August 19, 2003


The Beyond Branding Blog

More on authenticity
I'm continuing to enjoy David Boyle's excellent book, Authenticity. (See earlier blog here).

What Boyle is consistently good at is showing how elusive a quality authenticity is. This is not an easy, idealistic rant but a thoughtful exploration of the challenge of achieving authenticity when business often seeks to find it and exploit it.

"The recognition by business that we need to lead authentic lives at work is in start contrast to the 'mind control' tendency in business training - reducing processes to numbers, reducing creativity to formulae and best practice. Or worse still 'internal branding'... helping people to be authentic can turn into brain-washing extremely fast."

Boyle also wrote The Tyranny of Numbers so it's easy to understand - and resonate with - his suspicions of how fanatical measurement drives out human sensibility in business.

I'm pleased to see the Beyond branding authors start a blog and this happens to be one of the thought provoking entries here.

Today I've sat through another presentation from my erstwhile MD. He was a bit more contemplative than the last presentation I went to, but what struck me again today was how much store he sets by numbers. Every piece of information is quantifiable, to the extent that when challenged by a fairly reasonable question, he attacked the questioner on what 'proof' did he have for his point of view? What were the numbers?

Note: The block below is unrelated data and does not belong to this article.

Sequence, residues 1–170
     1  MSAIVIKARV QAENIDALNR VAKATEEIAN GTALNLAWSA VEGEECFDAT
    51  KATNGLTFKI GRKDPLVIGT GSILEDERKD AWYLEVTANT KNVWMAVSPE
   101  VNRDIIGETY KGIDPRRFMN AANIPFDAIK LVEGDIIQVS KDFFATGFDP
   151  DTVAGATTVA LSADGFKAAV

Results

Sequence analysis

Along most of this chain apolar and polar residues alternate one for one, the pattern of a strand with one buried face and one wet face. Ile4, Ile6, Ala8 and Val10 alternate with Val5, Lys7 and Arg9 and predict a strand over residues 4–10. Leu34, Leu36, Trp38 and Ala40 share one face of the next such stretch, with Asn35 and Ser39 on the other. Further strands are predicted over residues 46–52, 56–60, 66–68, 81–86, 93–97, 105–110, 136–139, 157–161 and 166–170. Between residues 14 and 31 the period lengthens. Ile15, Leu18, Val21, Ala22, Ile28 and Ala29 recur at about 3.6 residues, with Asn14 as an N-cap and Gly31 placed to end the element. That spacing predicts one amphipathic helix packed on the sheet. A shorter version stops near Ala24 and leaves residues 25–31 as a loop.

The phrase 'best practice' also hove into view on numerous occasions as justification for organisation, structure and improvements.

While I am never one to take someone on, head on, I intuitively feel that in a social context and even an economic one, numbers are not the answer and rarely even the question.

The point about driving out Human sensibility really hits home but then I'm not an accountant, an MBA or even a senior manager. Still I suppose he was being authentic, or maybe that's his internal branding?

Anyway, I think I will be adding David Boyle's Authenticity to the reading list!

Posted by Paul Goodison at August 19, 2003 10:26 PM | TrackBack

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